Earlier this month, the Huthis resumed a push to capture Marib city, 120 kilometres (75 miles) east of the rebel-held capital Sanaa.
The city lies close to some of Yemen’s richest oil fields and its capture would be major prize for the rebels.
Friday’s dead included at least 27 pro-government forces and 34 Huthi rebels, a government source told AFP, adding it was the “most violent” day of clashes since fighting erupted on February 8.
The rebels moved into hills near a dam southwest of Marib city — the last major toehold in the north for Yemen’s Saudi-backed government — with the area witnessing “the fiercest battles”, according to the source.
A military source said that pro-government forces repelled the Huthi advances and reported heavy fighting that lasted “more than eight hours” in the Ablah region, south of Marib city.
There was loss of life on both sides, the military source added, without providing further details.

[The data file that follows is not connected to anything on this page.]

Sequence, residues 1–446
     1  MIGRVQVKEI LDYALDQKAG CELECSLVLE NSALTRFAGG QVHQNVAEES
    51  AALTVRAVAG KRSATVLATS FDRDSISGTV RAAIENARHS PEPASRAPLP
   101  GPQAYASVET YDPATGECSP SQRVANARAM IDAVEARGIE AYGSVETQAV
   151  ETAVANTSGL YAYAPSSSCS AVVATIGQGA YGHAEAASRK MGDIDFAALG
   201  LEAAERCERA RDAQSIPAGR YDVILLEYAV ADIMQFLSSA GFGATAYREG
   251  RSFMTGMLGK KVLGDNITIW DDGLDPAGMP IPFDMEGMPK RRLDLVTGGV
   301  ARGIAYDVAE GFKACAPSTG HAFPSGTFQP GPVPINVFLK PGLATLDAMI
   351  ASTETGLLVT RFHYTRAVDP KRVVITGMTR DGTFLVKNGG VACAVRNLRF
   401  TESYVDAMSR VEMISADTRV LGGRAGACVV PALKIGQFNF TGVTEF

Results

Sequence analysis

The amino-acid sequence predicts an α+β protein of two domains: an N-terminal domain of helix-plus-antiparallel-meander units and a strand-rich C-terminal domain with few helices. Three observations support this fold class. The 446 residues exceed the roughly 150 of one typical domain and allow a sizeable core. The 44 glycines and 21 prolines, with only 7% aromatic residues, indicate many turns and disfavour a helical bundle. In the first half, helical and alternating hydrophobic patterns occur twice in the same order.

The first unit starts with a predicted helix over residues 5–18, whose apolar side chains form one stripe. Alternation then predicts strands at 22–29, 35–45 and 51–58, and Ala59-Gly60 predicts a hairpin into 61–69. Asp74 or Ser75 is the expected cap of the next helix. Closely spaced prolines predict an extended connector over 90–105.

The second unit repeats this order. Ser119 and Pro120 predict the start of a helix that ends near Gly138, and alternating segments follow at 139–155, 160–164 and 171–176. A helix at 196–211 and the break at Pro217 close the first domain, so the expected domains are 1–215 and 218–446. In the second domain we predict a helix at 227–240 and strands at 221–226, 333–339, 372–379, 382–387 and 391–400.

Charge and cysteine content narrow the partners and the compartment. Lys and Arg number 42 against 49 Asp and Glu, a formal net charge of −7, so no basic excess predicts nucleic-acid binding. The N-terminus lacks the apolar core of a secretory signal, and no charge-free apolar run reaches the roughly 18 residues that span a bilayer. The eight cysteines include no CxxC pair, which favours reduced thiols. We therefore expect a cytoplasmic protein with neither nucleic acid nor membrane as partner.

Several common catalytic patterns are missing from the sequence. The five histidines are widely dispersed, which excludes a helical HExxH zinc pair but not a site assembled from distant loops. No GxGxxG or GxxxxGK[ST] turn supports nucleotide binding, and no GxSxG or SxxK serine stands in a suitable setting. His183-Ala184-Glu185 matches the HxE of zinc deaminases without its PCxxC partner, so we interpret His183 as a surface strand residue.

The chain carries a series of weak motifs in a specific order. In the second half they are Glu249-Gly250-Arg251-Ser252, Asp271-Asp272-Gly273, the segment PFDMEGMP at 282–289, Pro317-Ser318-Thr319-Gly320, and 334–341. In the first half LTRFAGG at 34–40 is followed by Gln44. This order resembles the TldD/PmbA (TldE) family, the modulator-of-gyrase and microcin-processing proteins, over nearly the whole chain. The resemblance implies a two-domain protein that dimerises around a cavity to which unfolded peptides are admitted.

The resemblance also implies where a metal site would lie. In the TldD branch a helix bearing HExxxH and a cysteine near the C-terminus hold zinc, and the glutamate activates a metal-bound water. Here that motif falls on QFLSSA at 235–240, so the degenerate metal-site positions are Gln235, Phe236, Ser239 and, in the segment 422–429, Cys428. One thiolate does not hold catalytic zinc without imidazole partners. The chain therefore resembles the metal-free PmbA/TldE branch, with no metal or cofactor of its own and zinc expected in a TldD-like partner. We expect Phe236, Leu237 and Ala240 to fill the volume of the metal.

Yemeni military sources said air strikes targeted Huthi positions in several parts of the province.
Yemen has been embroiled in a bloody power struggle since 2014 between its government, supported by Saudi Arabia, and Huthi rebels, who control most of the north.
The grinding conflict has claimed tens of thousands of lives and displaced millions, according to international organisations, sparking what the UN calls the world’s worst humanitarian crisis.
The upsurge in violence this month has come shortly after Washington decided to remove the rebels from its list of terrorist groups, in order to ensure aid is unimpeded, and to pave the way to restart peace talks.
Observers say the Huthis want to capture Marib as leverage before entering into any negotiations.
The United Nations has warned of a potential humanitarian disaster if the fight for Marib continues, saying it has put “millions of civilians at risk”.
Until early last year, life in Marib was relatively peaceful despite the civil war.
But as the front lines shift, and air raids by Saudi Arabia and its allies pound the area, there is new peril for civilians, with hundreds of thousands sheltering in camps in the surrounding desert that extends to the Saudi border.
Loyalist military officials told AFP earlier this month that the rebels had been using residents of one camp in the province’s Sirwah district as “human shields”.
The fighting shows no signs of abating despite heavy losses on both sides.